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Is 140 Characters Worthy Of The Nobel Peace Prize?

Nelson Mandela, Mother Teresa and the Dalai Lama were all previous prize winners. Barack Obama may be in the running this year. So is it possible that his competition could possibly be a social network, the likes of Twitter?  Does a platform, an inanimate entity warrant the same consideration as a person?

Mark PfeifleMark PfeifleOn June 22, 2009, it began when former Deputy National Security Advisor Mark Pfeifle suggested it in an interview with Fox News, discussing the Iran Election.




Subsequently WebProNews talked with several people regarding the issue and their thoughts on this idea.



The Christian Science Monitor wrote, "without Twitter, the people of Iran would not have felt empowered and confident to stand up for freedom and democracy. They did so because they knew the world was watching. With Twitter, they now shout hope with a passion and dedication that resonates not just with those on their street, but with millions across the globe."

While other social networks did get involved, it was a dominoe effect that started with Twitter at the epicenter creating an echo chamber that amplified the message. At the height of the protest activities, according to Mashable.com's Ben Parr, more than 221,000 Iran tweets were sent in one hour. In one day, 3,000 Iranian videos were uploaded on YouTube, and 2.2 million blog entries were posted. Iranian presidential candidate Mir Hossein Mousavi amassed more than 100,000 supporters on Facebook.

Biz Stone & Evan WilliamsBiz Stone & Evan WilliamsControversy is rampant dependent on who you talk to. Some say if Twitter is to be considered, it should be its founders. Others say, that if you were to ask the common citizen on Tehran who Biz Stone or Evan Williams were, you would receive a blank stare.

Co-founder Biz Stone has said Twitter is "less about the triumph of technology, and more about the triumph of humanity." I think he is right. In my humble opinion, while I am a devout member of the Twitterverse, I am hard pressed to see Twitter worthy of this prestigious acknowledgment. Twitter did not march on the streets, it did not risk the life of any its staff, and its founders never physically ventured into the Middle East. If anyone is worthy of the Nobel Peace Prize it is the Iranian protesters. Their desire to be free of oppression is a telling story and a historic moment in history that needs to be given this important spotlight.

Please let me know your opinion on this topic. Take our poll today and post your comments as well if you have strong opinions on this subject.

 

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Ron Callari
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Comments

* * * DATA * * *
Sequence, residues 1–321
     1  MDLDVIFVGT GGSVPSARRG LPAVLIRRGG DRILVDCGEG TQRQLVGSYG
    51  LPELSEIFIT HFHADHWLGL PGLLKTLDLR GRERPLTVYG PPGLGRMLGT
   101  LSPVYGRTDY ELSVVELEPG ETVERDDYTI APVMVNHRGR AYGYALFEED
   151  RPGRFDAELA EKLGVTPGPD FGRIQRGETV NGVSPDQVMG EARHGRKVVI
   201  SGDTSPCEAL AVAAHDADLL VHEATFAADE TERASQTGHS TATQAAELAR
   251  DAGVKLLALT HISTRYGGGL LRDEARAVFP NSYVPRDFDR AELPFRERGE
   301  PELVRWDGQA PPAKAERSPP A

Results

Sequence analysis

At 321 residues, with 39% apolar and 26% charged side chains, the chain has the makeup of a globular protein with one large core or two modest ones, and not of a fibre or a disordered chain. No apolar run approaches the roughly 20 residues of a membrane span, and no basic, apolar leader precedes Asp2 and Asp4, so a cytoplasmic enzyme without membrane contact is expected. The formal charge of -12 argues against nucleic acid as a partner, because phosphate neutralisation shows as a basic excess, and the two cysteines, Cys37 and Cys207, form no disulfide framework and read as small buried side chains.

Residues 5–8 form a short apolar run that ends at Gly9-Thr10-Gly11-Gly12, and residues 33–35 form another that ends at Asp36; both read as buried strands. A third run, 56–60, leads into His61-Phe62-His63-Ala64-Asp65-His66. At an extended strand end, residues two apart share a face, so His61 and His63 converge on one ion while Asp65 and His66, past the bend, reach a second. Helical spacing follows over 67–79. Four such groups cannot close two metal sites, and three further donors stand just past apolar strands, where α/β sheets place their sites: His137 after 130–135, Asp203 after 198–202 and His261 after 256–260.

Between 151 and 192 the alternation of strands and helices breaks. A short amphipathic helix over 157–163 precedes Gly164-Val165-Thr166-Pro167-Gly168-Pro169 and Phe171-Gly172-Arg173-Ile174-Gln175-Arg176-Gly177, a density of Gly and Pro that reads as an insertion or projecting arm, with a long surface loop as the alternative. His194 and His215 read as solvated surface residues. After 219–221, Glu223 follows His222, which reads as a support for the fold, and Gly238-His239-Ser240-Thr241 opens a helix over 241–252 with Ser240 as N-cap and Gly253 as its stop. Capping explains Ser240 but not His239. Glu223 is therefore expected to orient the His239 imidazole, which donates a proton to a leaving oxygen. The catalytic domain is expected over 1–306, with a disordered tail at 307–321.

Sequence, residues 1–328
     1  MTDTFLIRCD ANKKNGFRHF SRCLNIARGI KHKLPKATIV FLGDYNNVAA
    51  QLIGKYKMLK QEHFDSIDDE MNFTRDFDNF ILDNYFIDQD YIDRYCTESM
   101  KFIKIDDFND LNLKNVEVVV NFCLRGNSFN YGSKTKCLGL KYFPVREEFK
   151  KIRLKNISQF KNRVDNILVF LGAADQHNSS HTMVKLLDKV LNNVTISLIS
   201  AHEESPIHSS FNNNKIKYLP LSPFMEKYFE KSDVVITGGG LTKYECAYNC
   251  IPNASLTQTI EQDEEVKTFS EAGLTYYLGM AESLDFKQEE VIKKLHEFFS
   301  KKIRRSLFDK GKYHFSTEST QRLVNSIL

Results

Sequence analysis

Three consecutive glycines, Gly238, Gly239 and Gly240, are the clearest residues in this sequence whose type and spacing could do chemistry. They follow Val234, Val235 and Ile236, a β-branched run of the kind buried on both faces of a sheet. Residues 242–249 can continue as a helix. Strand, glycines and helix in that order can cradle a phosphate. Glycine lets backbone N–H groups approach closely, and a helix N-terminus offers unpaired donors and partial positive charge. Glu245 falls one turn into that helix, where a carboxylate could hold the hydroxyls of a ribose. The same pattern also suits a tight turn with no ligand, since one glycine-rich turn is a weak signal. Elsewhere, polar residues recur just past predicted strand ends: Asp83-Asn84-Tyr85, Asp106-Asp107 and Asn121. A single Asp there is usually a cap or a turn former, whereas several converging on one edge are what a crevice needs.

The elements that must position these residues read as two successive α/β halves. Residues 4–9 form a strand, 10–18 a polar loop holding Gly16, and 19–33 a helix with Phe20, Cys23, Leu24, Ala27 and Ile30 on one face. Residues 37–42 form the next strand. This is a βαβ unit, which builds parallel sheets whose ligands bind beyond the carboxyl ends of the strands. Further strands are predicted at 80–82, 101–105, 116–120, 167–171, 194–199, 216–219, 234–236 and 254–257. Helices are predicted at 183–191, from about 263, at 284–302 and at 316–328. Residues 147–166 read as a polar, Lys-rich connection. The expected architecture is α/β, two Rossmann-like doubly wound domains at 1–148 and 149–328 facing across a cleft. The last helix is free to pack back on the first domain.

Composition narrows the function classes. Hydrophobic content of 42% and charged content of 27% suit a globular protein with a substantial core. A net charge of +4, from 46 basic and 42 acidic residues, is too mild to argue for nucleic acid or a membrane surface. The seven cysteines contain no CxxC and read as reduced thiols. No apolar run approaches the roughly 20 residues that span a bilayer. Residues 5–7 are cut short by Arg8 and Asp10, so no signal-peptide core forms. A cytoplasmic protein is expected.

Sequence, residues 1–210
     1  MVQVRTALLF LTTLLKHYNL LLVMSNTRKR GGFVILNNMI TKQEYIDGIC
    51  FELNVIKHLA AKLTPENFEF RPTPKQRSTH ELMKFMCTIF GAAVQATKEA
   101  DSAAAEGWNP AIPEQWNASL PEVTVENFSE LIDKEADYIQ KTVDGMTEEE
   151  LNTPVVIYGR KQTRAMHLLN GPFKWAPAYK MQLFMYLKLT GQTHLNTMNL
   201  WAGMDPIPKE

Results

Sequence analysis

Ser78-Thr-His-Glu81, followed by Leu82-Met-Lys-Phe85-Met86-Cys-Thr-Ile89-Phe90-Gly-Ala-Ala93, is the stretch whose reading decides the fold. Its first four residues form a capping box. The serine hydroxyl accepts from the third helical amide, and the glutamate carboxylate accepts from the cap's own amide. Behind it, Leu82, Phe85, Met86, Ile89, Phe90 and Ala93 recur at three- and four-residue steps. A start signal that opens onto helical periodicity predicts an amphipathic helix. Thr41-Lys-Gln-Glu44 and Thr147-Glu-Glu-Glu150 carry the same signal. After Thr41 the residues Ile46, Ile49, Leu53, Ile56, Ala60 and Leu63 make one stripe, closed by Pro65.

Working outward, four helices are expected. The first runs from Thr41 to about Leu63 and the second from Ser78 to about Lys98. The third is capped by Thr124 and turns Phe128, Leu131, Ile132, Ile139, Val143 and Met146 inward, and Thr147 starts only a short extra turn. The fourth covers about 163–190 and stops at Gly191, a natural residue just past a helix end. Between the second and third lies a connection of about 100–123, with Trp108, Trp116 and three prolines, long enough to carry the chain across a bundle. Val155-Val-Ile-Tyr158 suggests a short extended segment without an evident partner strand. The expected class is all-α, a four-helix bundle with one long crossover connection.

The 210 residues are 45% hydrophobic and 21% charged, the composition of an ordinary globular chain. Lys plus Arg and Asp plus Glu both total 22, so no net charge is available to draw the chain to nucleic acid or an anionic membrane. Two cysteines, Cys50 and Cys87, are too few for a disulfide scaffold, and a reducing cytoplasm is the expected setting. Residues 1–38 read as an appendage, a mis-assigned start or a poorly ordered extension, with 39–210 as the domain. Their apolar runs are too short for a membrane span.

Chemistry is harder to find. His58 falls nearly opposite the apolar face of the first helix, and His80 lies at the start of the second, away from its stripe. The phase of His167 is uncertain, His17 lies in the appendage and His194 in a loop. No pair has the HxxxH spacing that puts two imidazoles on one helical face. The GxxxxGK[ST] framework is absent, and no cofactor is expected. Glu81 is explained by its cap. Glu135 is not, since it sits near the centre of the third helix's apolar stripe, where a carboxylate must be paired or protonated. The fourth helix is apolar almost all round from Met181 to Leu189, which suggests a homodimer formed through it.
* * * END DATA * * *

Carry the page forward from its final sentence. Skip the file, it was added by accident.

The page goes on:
Jul 19, 2009
by Anonymous

Nobel Prize Nominees

I don't agree with the idea of Twitter being nominated. As your article notes, YouTube and Facebook among other sites have also played a vital role in supporting the communication needs of Iranian people during this period of unrest. It is not right to single out Twitter.

But the main reason I disagree with this idea is that it is the users of Twitter who have made the difference, and Twitter is just one platform they have employed. Most of the millions of supporters asround the world of a free, secular, democratic Iran are more or less anonymous, so of course couldn't be nominated either individually or as a group.

One individual however, does stand out for his devotion to this cause, and that is Austin Heap of San Francisco. His Haystack project will bring unfiltered internet to millions of Iranians.

Jul 20, 2009
by Anonymous

critical analysis on column

Let’s do some critical analysis on your column:
1- You say: “…that if you were to ask the common citizen on Tehran who Biz Stone or Evan Williams were, you would receive a blank stare.”
Hmmm…could most victims of landmines name the 1997 winner of the Nobel Peace Prize? It was…wait for it…Jody Williams. Betting more people have heard of Jack then Jody.

2- You say: “Does a platform, an inanimate entity warrant the same consideration as a person?”
In 2007, the Intergovernmental Panel on Climate Change was a platform – and Al Gore accepted the prize. In 2005, the International Atomic Energy Agency was the platform – and Mohamed ElBaradei accepted. In 2001, the United Nations was the platform – and Kofi Annan accepted. And as stated earlier, in 1997, the International Campaign to Ban Landmines was the platform – and Jody Williams accepted. So, Biz Stone, Evan Williams and Jack Dorsey could accept the award on behalf of their platform.

3- You say: “Twitter did not march on the streets, it did not risk the life of any its staff…”
Last year’s winner, Martti Ahtisaari, former president of Finland, was instrumental in peace negotiations in Kosovo and other places. He is a solid and influential international bureaucrat, but he never took to the streets in Bosnia with a sign nor marched against Milosevic’s genocidal massacre. Does that disqualify him? Nope.

4- You say: “If anyone is worthy of the Nobel Peace Prize it is the Iranian protesters. Their desire to be free of oppression is a telling story and a historic moment in history that needs to be given this important spotlight.”
I don’t disagree with the Iranian people deserving the spotlight. But if you question giving the award for a “platform” why no thought for precedence of giving it to a large group of people? In the history of the award it’s never been given to a large group of people – why don’t you explain this odd reasoning?

Jul 20, 2009
by Anonymous

are people in general this stupid?

m-o-o-n spells propaganda.

Jul 31, 2009
by Anonymous

twitter? really ppl?

this is one of the dumbest things ive heard. michael jackson should get it! think of the charities he has gave money to. the way he has helped with racisim. think about it ppl